Isn't the presence of a battery cutoff switch in most cases not protection enough?
Presuming one adds some other fuses in normal operation to the original fixed 4 fuses and at least 2 or 3 floating ones. I.c. for fans, headlights, pump and OD circuit .

One can add of course racing type extra's as an isolation switch disconnecting under heavy impact, so even when you lose consciousness the main circuit is still broken automatically

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Sinewave Avatar
Sinewave T. Keith Vezina
Kenner, LA, USA   USA
In reply to # 3680546 by Donthuis Isn't the presence of a battery cutoff switch in most cases not protection enough?

IMO, a cutoff switch is only good for storing the car or a convenient way to remove power before doing repairs. There is no way to react quickly enough to prevent wiring damage if an unprotected circuit goes to ground.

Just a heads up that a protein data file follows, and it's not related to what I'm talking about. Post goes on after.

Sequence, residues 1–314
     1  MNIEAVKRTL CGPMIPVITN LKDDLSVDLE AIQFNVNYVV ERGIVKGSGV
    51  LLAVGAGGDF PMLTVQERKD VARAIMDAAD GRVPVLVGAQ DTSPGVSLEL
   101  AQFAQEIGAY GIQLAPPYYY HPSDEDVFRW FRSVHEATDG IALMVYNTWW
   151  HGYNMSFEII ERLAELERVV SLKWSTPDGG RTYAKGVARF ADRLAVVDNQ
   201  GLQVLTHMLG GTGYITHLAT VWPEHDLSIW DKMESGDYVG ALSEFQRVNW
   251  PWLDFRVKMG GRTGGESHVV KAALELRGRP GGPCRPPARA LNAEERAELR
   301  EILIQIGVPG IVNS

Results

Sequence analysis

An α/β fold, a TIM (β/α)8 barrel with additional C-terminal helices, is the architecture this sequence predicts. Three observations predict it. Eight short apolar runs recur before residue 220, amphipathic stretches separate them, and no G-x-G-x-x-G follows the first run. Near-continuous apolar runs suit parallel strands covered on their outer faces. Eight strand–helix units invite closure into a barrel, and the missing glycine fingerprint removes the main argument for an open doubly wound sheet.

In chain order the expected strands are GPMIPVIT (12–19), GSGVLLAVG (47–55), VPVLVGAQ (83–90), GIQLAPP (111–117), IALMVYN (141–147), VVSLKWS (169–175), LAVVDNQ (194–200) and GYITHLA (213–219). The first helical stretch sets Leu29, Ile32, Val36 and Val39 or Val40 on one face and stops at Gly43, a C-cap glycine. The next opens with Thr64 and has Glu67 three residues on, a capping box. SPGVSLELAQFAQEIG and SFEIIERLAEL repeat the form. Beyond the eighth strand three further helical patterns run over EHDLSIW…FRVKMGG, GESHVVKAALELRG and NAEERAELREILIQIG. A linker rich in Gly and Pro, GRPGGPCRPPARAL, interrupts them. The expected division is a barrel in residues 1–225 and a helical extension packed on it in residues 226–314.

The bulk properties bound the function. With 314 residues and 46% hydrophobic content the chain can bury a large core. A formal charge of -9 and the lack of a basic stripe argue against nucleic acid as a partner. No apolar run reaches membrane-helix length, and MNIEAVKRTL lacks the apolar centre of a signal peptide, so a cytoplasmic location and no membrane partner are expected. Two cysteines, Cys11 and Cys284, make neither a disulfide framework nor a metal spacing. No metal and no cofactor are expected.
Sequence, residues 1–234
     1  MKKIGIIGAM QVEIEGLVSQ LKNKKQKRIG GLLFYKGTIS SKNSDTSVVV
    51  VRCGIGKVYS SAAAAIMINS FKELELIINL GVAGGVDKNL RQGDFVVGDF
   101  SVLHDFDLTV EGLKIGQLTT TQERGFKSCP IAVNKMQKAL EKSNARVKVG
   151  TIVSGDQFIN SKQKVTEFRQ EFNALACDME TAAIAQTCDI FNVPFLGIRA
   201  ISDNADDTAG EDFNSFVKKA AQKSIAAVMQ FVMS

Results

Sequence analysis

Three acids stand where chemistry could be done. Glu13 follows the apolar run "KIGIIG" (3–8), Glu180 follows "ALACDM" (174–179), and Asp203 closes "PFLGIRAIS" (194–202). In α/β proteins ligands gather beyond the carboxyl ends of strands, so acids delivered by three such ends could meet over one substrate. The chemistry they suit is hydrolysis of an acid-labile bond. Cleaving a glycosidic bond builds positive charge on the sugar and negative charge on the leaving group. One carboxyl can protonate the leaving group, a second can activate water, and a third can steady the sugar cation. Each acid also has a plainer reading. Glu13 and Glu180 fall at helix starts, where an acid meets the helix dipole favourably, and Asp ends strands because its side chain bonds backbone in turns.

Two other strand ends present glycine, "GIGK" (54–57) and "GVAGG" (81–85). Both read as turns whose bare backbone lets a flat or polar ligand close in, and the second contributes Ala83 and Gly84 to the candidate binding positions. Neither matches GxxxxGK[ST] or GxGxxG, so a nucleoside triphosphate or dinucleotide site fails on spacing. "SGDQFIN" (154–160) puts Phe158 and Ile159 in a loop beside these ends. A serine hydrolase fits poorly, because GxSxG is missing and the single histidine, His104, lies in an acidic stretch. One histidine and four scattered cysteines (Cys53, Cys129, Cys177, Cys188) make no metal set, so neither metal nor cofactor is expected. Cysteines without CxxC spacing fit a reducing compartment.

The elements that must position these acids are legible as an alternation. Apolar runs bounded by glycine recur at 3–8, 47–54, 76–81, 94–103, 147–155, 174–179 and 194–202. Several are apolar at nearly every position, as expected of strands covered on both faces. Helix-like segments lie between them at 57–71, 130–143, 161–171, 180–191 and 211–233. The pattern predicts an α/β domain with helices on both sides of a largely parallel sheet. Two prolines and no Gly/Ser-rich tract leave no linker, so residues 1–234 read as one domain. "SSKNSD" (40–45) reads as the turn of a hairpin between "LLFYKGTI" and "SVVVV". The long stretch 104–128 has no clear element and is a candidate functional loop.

T. Keith Vezina
British Motoring Club New Orleans
1976 MGB, 1976 MGB Trailer & 1967 MGB MK. I

Chalky Avatar
Chalky David White
Coventry, Warwickshire, UK   GBR
But it does let you turn the power off quickly if required.
Whilst these cars don’t have the same level of circuit protection as a new car you need to remember that they’ve lasted 40+!year with what they’ve got. How many new cars will be round in 40 years time. Designing a wiring harness, building it and then testing it to ensure it’s safe and reliable isn’t a trivial task. Many of the mods I’ve seen can introduce more problems than they solve. Some mods are worth doing and easy to implement. Others can increase the risk of failure or fire.

ingoldsb Avatar
ingoldsb Silver Member Terry Ingoldsby
Calgary, AB, Canada   CAN
1971 MG MGB
Quote: In my opinion the worst case scenario is using the car to jumpstart another car.
The alternator senses low voltage and full fields, and in the case of Saturn alternators shoots 90 amps into the wiring. Which usually burns the lug on the alternator.
I have never hooked my MG to a SnapOn AVR so have no idea of the amp loads.